Eastern Philosophy

  1. Maya is the Hindu concept of illusion, used to account for virtually all the problems of worldly existence.
  2. Boddhisattvas, "seekers of enlightenment," are Buddhist adepts who are said to have postponed the attainment of nirvana in order to help others become enlightened. They are legendary figures of Mahayana Buddhism.
  3. The four most influential philosophical traditions of the East are Hinduism, Buddhism, Taoism, and Confucianism.
  4. In many schools of Hinduism and Buddhism, a mantra is a word of syllable chanted or repeated silently in meditation in order to clear and focus the mind. A mantra may be commonly known, such as the syllable OM, or it may be a personal matter known only to the one who uses it.
  5. In general, Eastern philosophy is holistic, looking at reality as a unified oneness in a constant state of flux. The purpose of its teaching is to promote harmony within the unified whole.
  6. The Enlightenment is the broad movement in Western intellectual history beginning late in the seventeenth century and extending through the eighteenth, when many hoped that human life could be perfected through reason. At this time, many traditional notions were rejected or revised, including divine right monarchy.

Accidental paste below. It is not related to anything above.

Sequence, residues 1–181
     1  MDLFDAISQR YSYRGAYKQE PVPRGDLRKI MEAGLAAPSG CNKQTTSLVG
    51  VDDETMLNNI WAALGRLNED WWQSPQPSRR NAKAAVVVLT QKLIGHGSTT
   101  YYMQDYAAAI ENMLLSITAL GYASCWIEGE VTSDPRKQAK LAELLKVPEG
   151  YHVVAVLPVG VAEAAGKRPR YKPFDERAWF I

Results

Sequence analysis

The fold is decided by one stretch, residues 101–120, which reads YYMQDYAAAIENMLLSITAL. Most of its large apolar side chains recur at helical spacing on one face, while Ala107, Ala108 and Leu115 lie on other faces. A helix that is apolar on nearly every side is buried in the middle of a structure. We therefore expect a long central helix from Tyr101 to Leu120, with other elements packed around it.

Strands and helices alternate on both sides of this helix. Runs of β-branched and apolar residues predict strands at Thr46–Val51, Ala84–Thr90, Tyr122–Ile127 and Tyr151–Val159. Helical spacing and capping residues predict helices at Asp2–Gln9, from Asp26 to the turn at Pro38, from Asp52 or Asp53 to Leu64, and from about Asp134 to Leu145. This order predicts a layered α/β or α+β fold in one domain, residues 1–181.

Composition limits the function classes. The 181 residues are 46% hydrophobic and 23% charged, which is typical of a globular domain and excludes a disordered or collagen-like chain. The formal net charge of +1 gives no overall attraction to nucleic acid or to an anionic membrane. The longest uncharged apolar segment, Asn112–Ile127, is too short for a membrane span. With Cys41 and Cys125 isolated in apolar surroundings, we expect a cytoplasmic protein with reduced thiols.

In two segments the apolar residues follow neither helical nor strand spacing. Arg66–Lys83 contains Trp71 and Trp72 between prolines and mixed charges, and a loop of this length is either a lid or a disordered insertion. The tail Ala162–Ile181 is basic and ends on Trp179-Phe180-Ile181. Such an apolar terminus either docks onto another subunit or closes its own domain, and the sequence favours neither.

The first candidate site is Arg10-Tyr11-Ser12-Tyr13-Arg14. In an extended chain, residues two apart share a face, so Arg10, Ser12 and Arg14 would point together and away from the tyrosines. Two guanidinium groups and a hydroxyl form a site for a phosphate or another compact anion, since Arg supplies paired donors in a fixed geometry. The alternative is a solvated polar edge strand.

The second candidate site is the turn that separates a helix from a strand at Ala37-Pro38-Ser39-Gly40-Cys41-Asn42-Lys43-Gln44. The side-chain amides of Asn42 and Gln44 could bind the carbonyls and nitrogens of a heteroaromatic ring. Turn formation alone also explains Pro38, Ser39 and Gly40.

7. Atman is the universal self, the absolute knower. It is the source of cosmic experience, uniting all consciousness.
  8. Karma is the cosmic law that determines people's future lives based on their past actions.
  9. The three paths to enlightenment described in the Bhagavad-Gita are jnana (knowledge), karma (action), and bhakti (devotion).
  10. There are six orthodox schools of Indian philosophy—Nyaya, Vaiheshika, Sankhya, Yoga, Mimamsa, and Vedanta.
  11. Transcendental Meditation emphasizes the practical emotional and physiological benefits derived from meditating.
  12. The Four Noble Truths of Buddhism hold that the world is full of suffering, suffering is caused by desire, suffering can be avoided through an extinguishing of desire, and the way to extinguish desire is by following the Eight-fold Path.
  13. The Tao is a Chinese term usually translated as "the way." It includes the way of heaven, of nature, and of humanity.
  14. Yin and yang are the passive and active principles of the universe, recognized by most schools of Chinese philosophy. The interplay of yin and yang are perpetually in flux, giving shape to the changing world.
  15. Confucian teachings are based on the Six disciplines, which became the basis for the Six Classics, including the Book of History, the Book of Odes, the Book of Music, the Spring and Summer Annals, the Book of Changes, and the Book of Rites.

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